journalismism

That story about CNN accidentally airing hardcore porn on Thanksgiving is probably too good to be true

Ken Cedeno / Contributor

On Friday, multiple largely reputable news outlets reported that CNN, via cable provider RCN, aired a half hour of hardcore porn during an airing of Anthony Bourdain’s show Parts Unknown. British outlet The Independent reported that “the scheduled programming was replaced with explicit material starring transsexual pornstar Riley Quinn.” Ditto IBTimes, a sister publication of Newsweek.

All of these stories were sourced to tweets from one Twitter user, @solikearose, who locked their account shortly after the story picked up steam, though the tweets, as well as a picture tweeted by the user, were preserved by Mediaite:

bad-tweet@solikearose/Mediaite
cnns-channel-accidentally-broadcast-hardcore-porn@solikearose/Mediaite

Fusion was almost one of those sites; I saw the story popping up on Twitter and thought, “That sounds fun.” But while looking for more accounts of CNN airing hardcore porn in a major media market for a full half hour, I was able to find none except for @solikearose’s. All of these stories are based on one Twitter user who has 76 followers and locked their account. Esquire reporter Luke O’Neil tweeted that he had spoken with @solikearose and “sort of believe[d] her.” He appears to be one of the only reporters on this story to have made contact with @solikearose. (Update: BuzzFeed News also spoke with @solikearose, who reaffirmed her story, but said it went away after she reset her TiVo.)

The Drudge Report and New York Post picked up The Independent’s story. Tech site The Next Web aggregated IBTimes’s. Variety, a media business trade magazine, followed up with a short story with no byline sourced to “local reports.” Most stories made a note that they put in requests for comment to CNN and RCN—Variety‘s was notable for actually including a quote. “[RCN is] in the process of researching this incident but see no evidence our CNN network feed was compromised last evening in Boston,” Jeff Carlson, a senior VP in Boston for RCN, said. (Vice picked up Variety‘s.)

Eventually, by late Friday morning, the story went worldwide, as noted by O’Neil. Forbes Mexico aggregated IBTimes. Le Journal de Montréal, the largest newspaper in Quebec, aggregated The Next Web’s aggregation of IBTimes. The story popped up on Romanian and Dutch tabloid sites.

This is the ecosystem in which fake news, so recently the obsession of every person on the planet, thrives. Macedonian teenagers, the Russian government, and assholes named Paris Wade may very well be attempting to influence public opinion (or just make money) with “fake news,” but none of them created media environments where the standard for a story is tweets from one Twitter account with 76 followers and nothing else.

To complicate matters, CNN issued the following statement, which appears to confirm the incident, to Fusion and others: “The RCN cable operator in Boston aired inappropriate content for 30 minutes on CNN last night. CNN has asked for an explanation.” In response to Fusion’s request for clarification, a different CNN spokesperson said in a seemingly contradictory statement, “Despite media reports to the contrary, RCN assures us that there was no interruption of CNN’s programming in the Boston area last night.”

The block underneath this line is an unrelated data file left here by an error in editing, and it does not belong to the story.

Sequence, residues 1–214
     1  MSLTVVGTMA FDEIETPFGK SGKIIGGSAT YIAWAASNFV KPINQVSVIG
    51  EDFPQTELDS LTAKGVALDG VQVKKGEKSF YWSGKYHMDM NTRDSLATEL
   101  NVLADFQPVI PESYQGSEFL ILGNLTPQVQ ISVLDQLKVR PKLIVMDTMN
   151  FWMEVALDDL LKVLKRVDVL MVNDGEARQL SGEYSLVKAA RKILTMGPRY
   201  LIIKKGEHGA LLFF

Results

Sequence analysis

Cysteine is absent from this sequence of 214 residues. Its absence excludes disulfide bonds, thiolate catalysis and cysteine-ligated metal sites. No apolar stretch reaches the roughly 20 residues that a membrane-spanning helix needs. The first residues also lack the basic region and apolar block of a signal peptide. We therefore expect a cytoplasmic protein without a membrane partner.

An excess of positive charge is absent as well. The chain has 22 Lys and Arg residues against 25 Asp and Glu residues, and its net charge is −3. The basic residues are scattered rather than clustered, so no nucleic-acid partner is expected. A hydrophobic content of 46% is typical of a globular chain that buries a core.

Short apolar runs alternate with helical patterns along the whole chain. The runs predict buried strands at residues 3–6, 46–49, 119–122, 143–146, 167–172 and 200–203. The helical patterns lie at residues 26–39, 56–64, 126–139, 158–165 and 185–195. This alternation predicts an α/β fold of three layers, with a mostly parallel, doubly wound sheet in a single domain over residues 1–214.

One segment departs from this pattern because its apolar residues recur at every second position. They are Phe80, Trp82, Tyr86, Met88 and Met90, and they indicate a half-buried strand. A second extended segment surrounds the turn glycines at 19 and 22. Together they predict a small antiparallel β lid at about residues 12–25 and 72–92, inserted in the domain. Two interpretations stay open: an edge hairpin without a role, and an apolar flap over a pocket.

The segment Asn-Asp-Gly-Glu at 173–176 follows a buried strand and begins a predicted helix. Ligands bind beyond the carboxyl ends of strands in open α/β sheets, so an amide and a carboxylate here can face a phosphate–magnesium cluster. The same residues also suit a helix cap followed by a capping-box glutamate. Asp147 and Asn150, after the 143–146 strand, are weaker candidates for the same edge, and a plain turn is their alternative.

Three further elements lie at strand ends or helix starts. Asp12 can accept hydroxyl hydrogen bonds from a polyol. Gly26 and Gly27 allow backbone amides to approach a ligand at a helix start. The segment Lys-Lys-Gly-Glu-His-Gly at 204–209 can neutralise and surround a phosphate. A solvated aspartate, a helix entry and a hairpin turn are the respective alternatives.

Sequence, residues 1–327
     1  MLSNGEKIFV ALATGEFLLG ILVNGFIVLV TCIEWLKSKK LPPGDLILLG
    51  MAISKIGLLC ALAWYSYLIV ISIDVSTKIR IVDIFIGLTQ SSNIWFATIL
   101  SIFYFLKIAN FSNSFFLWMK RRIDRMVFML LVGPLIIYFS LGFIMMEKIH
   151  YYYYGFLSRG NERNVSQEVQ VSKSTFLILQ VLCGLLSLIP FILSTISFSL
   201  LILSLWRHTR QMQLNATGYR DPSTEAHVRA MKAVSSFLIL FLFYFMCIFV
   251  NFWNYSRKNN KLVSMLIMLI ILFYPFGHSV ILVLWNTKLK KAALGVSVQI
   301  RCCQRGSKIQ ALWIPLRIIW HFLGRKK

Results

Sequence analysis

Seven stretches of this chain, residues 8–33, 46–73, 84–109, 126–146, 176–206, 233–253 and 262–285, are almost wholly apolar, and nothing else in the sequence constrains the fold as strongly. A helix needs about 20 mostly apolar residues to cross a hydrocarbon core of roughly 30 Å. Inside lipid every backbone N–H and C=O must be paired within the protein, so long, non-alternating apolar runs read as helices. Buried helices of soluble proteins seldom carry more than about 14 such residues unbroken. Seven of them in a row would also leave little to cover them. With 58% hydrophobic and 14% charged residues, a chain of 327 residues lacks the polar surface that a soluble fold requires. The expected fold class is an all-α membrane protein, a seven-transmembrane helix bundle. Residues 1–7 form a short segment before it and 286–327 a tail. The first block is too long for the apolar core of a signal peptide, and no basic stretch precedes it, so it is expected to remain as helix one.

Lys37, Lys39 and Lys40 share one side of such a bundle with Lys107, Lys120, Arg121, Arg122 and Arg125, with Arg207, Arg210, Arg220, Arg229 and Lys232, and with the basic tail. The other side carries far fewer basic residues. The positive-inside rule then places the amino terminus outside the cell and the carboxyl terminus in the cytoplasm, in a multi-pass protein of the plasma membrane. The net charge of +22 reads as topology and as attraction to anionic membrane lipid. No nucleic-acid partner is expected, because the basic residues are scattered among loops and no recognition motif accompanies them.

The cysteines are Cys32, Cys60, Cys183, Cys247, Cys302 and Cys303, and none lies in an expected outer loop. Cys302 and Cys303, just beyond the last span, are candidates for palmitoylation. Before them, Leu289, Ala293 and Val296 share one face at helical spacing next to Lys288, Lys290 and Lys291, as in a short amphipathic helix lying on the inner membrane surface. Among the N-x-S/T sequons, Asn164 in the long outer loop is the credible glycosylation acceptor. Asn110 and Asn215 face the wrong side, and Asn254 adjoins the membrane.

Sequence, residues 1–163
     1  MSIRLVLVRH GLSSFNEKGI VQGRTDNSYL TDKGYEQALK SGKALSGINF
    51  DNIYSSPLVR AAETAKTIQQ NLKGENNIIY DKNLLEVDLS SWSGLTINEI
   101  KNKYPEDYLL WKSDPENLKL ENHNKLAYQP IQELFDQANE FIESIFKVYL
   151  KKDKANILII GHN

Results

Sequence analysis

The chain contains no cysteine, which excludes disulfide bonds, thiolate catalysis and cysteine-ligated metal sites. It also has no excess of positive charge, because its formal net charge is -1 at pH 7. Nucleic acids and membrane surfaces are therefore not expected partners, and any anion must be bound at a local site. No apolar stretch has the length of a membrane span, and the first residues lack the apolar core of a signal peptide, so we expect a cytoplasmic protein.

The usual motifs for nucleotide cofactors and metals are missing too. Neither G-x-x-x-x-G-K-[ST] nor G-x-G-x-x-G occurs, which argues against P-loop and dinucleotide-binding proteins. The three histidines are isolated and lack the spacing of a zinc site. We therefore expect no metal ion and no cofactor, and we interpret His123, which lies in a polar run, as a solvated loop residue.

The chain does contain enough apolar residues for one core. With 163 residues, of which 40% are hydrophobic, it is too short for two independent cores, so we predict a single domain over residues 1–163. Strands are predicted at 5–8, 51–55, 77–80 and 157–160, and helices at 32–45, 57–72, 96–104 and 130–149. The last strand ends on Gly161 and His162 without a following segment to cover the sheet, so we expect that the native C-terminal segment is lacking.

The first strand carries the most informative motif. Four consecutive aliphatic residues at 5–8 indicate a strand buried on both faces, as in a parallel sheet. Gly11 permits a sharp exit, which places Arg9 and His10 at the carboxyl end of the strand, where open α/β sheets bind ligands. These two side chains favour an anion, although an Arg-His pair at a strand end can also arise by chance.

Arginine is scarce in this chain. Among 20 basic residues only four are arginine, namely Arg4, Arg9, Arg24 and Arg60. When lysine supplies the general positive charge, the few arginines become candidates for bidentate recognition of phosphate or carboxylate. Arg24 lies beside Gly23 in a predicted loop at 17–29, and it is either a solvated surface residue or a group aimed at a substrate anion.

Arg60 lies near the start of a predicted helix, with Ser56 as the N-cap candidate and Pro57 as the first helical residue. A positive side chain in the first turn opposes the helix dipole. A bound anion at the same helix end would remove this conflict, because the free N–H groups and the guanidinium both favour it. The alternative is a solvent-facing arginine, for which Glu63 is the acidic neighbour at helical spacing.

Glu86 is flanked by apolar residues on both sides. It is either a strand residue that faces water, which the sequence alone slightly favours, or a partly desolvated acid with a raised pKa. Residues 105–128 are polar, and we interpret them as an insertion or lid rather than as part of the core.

For its part, RCN said in a statement to Fusion that it has “no evidence this occurrence took place on the CNN feed. We have not had any other reports of this incident other than this single customer’s tweet,” and that its “review of network operations and our call center phone logs during the last evening show no indications that this impacted any other customer than the one single customer.

Another story about fake news, an alarmist, nearly incomprehensible Washington Post report about Russian influence in pro-Trump fake news made the rounds Friday morning as well. As noted by Select All editor Max Read, the only reason the Russian government is able to have any influence at all is because the media has allowed it to.

Read is correct in that many online media outlets are driven by a push for increasing traffic—much of which comes from Facebook, which is where “fake news” flourishes—and economic incentives for online media to publish first and verify later.

Many media outlets, including Fusion, have undergone severe staffing cuts in 2016. The Independent abandoned its print edition and sister paper in February, along with staff “redundancies.” IBTimes underwent mass layoffs in July that former employees said showed “no human decency,” and moved a US editorial news position to India. In an environment like this, it’s not so hard to believe that an extremely thinly-sourced story could spread like wildfire.

Updated with information from a BuzzFeed report

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